In one form or another, MTV’s The Challenge has been on TV for over 20 years, which is a truly remarkable amount of time when you consider what the series entails: a who’s-who of former Road Rules and Real World cast members—and, more recently, standouts from Are You the One?, Big Brother, Ex on the Beach and Geordie Shore—marooned in a giant house, where they duke it out, in various stages of sobriety and undress, through a mixture of politicking, polidicking and physical challenges, for large sums of money. Practically since its inception, the show has been changing, iterating on itself, building conflict by seeding goodwill and enmity, the ultimate climaxes of which often take multiple seasons to arrive. With an ever-evolving roster of spunky castmates—some old, some new—The Challenge maintains the structural hallmarks of a long-running soap opera, the drunken theatrics of The Real World and the competitive juices of Survivor.
One unflappable pillar of calm amidst this booze and testosterone-fueled storm has been T.J. Lavin, the former pro BMX rider and beloved host of The Challenge since 2005. Despite his overall amiability and laid-back delivery, he has, in a revolving ensemble of graphic tees and flat-brimmed hats, become known amongst fans for his candor and quick-witted retorts. He is generous with compliments, even if they tend to feel a bit perfunctory: an unmoved pronouncement that “You killed it” is probably the most effusive praise you’re liable to hear as a contestant. But he’s also not afraid to call someone out—particularly if he feels like they’re not giving it their all. For a contestant, disappointing Lavin is akin to disappointing your dad. And nothing disappoints Lavin more than quitters.
That may be, of course, because of the host’s own experience with quitting—or lack thereof. In 2010, at the Dew Tour Championship in Las Vegas, Lavin crashed while performing a rudimentary trick, during what was to be his final run before retirement. He broke his arm and his orbital bone, and was placed in a medically-induced coma due to brain bleeding. Recovery took years; he had to relearn things as basic as tying shoes and counting money.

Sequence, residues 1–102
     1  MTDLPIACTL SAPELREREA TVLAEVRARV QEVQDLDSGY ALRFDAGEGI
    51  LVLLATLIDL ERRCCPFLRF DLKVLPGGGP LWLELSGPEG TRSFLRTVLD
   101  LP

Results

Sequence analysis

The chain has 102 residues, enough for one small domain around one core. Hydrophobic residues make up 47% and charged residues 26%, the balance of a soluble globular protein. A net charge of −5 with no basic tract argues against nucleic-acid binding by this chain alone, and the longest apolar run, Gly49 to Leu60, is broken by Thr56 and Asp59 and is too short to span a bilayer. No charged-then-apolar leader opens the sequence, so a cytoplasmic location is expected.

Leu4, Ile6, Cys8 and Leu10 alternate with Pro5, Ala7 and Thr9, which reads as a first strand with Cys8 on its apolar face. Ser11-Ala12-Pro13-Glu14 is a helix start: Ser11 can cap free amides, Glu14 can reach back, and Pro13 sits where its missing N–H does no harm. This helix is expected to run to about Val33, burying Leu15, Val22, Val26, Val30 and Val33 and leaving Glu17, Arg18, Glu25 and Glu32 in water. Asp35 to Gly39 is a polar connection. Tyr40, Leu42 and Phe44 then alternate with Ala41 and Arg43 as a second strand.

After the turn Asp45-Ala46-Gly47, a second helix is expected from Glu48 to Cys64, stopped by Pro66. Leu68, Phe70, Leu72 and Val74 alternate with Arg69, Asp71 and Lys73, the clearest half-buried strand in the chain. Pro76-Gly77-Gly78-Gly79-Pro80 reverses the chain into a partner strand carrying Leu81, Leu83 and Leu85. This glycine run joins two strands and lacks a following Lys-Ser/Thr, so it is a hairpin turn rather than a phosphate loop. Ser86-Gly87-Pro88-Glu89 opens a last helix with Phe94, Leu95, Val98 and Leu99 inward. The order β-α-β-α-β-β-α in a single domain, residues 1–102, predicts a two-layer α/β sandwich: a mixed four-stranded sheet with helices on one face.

“The most important thing is just to not give up,” he said, in 2011, about his rehabilitation.
Heading into tonight’s premiere (at 9pm ET) of The Challenge’s 32nd season, subtitled The Final Reckoning, I caught up with the longtime host to discuss the show’s worst quitter of all-time, the keys to the franchise’s longevity, what he does when they're not filming and which reality TV star he'd most like to see on The Challenge...
When you started hosting the show in 2005, did you ever think it would last this long?
No way. Dave Mirra [who hosted the show before me] said you’ll do it for like one or two seasons and you’ll be over it. Now here we are 32 seasons later, and it’s amazing. I still love it. It’s insane.
How do you account for its longevity?
I think it’s because it’s changing every season. Every season is different. Every season has a new theme and a new place.
What do you think about the new castmates from different MTV shows?
I like them. I think it’s refreshing. There’s definitely a divide in the house, no doubt about it. It’s just like the Champs vs. Stars thing. They’re always on divided teams. Really, I don’t care where they come from. As long as they go in there and try hard, they’re good to go.
Is there anything you despise more than quitters?
[Demurs] Well, I mean, yeah, of course.
In the context of the show?
Not on the show. I really don’t like cheaters and quitters. But the quitting thing is probably worse.
Was there any one quitting performance you felt particularly disappointed about?